August 16, 2022

Art & Lifestyle:

Theater Holding Auditions for ‘Clue’ -

Sunday, August 7, 2022

Shakespeare Heads to St. Mary’s City -

Tuesday, August 2, 2022

Young Artists Sought for Sotterley Contest -

Thursday, July 28, 2022

St. Mary’s, Eat, Live, and Be Healthy -

Saturday, July 23, 2022

Raytheon Cuts 19,000 Staff & Contractors


Morning Coffee is a robust blend of links to news around the internet concerning the Naval Air Station Patuxent River Morning Coffee logoeconomic community. The opinions expressed here do not reflect opinions of the Leader’s owners or staff.

Raytheon Technologies cuts 15,000 staff and 4,000 contractors, mostly in Pratt & Whitney and Collins Aerospace divisions, due to decreased commercial aerospace sales from the COVID-19 pandemic, reports Defense News. The ongoing personnel actions will reflect a 20% cut at both divisions, and include both temporary furloughs and a hiring freeze. In its merger with United Technologies in April, Raytheon already planned to cut 1,000 mostly corporate jobs.

Military troops will not have a hands-on role in distributing coronavirus vaccines to Americans once inoculations are ready to go to the public, reports Stars and Stripes. The Army general in charge of dispensing a vaccine says the military role will provide the planning, contracting, and logistical analysis needed to move 300,000 doses across the country.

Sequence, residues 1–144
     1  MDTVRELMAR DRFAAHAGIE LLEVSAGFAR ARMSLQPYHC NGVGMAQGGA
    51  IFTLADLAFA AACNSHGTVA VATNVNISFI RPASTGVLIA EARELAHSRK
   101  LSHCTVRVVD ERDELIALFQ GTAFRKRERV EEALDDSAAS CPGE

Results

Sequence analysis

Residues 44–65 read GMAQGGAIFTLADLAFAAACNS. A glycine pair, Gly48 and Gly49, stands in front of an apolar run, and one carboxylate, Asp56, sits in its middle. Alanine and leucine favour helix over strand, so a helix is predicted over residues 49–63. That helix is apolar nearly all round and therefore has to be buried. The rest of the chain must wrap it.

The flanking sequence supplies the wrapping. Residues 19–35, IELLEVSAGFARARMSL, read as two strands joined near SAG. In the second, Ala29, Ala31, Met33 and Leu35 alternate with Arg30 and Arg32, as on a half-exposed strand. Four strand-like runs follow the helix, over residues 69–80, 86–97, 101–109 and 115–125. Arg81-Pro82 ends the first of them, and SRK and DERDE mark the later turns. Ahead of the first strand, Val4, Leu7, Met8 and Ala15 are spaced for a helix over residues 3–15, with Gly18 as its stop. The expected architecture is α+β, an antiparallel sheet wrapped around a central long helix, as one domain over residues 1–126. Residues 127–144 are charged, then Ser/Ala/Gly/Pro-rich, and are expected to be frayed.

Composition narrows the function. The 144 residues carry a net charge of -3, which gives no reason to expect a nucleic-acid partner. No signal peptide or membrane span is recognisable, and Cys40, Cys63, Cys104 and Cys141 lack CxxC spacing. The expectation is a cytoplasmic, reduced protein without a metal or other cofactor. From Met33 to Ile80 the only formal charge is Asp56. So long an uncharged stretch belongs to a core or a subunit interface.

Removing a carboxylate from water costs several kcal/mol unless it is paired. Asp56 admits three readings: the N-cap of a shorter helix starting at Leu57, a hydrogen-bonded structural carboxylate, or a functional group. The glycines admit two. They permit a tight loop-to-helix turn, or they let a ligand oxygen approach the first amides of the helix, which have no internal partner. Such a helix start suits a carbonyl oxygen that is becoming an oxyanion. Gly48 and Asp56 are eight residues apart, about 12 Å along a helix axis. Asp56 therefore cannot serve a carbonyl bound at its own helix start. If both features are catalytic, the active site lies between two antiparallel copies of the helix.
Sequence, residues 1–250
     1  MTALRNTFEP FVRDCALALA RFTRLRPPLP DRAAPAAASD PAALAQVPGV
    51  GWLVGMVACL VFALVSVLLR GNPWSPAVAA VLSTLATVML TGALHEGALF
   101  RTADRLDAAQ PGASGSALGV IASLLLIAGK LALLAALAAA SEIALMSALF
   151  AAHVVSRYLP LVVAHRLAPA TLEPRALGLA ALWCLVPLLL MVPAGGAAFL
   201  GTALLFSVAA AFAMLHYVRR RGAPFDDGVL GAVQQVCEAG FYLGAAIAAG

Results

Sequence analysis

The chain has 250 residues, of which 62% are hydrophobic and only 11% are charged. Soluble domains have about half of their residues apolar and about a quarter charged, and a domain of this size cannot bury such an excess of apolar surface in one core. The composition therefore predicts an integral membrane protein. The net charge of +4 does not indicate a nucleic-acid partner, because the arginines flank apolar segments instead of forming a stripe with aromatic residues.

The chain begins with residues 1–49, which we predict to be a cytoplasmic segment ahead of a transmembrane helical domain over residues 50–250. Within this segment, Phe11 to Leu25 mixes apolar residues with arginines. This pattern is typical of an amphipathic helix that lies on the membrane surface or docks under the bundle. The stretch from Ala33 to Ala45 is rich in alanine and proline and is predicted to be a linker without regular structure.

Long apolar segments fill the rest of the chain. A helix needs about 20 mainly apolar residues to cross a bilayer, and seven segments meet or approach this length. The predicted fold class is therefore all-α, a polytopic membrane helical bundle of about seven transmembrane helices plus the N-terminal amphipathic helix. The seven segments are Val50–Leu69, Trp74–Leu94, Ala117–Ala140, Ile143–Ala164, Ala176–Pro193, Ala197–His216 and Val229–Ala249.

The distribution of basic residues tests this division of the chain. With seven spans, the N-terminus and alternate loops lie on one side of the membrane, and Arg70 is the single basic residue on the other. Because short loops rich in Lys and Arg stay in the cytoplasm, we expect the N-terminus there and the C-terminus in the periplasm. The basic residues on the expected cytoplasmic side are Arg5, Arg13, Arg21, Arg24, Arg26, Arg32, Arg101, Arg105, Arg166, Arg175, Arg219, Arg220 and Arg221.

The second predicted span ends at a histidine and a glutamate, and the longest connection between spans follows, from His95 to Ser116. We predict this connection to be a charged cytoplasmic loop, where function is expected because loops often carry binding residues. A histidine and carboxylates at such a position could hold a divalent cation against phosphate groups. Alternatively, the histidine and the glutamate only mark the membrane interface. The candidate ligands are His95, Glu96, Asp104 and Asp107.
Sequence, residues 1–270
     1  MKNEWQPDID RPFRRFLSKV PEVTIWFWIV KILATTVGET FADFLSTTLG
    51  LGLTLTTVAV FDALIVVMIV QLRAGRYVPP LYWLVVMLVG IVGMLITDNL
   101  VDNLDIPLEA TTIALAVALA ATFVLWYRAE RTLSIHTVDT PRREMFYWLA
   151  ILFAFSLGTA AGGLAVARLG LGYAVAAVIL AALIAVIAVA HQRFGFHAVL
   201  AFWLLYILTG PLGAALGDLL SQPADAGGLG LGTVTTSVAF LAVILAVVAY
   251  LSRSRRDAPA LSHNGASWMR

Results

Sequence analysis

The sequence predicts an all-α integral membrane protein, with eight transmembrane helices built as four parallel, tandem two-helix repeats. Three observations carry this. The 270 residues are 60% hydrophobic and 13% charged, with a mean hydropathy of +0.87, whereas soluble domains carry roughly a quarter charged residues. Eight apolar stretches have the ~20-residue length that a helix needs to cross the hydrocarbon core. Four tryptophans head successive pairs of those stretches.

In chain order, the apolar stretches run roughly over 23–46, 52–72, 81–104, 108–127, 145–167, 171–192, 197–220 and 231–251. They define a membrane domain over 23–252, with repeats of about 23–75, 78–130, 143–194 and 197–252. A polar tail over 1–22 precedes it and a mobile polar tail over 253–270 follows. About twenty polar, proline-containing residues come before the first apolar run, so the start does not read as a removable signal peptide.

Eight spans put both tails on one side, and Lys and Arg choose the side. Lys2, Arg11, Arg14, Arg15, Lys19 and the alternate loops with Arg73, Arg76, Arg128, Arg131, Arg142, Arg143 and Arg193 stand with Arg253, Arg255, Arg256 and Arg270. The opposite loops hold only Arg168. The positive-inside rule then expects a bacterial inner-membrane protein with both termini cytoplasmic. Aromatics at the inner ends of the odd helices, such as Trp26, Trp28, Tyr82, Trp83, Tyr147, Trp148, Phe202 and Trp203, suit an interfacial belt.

US Surgeon General Dr. Jerome Adams warned, some populations may be reluctant to take a COVID-19 vaccine, citing the infamous Tuskegee Institute syphilis experiments from 1932-1972, in which hundreds of African-American sharecroppers with the disease were studied and deceptively given ineffective treatments instead of penicillin, reports “I would consider it a great tragedy if we actually had a safe and effective vaccine to end this pandemic but discover that disparity actually worsens because the people who could most benefit either can’t get it or won’t take it,” Dr. Adams said.

Norfolk maritime academy administrator sold phony Coast Guard credentials in $200K scheme, reports Pilot Online. An administrator at Norfolk’s Mid-Atlantic Maritime Academy, Lamont Godfrey, 42, of Portsmouth, conspired with three other men to sell phony Coast Guard merchant mariner credentials. The academy is a private maritime training center that offers Coast Guard-approved courses required for merchant mariners.

European nations have been ramping up their military spending in recent years, non-US members of NATO increasing their military spending by $130 billion since 2016. While providing better burden sharing within NATO, National Defense Magazine reports on US worries that US companies will be shut out of lucrative international projects as Europe builds indigenous military capabilities which some nations do not wish to share with non-EU members.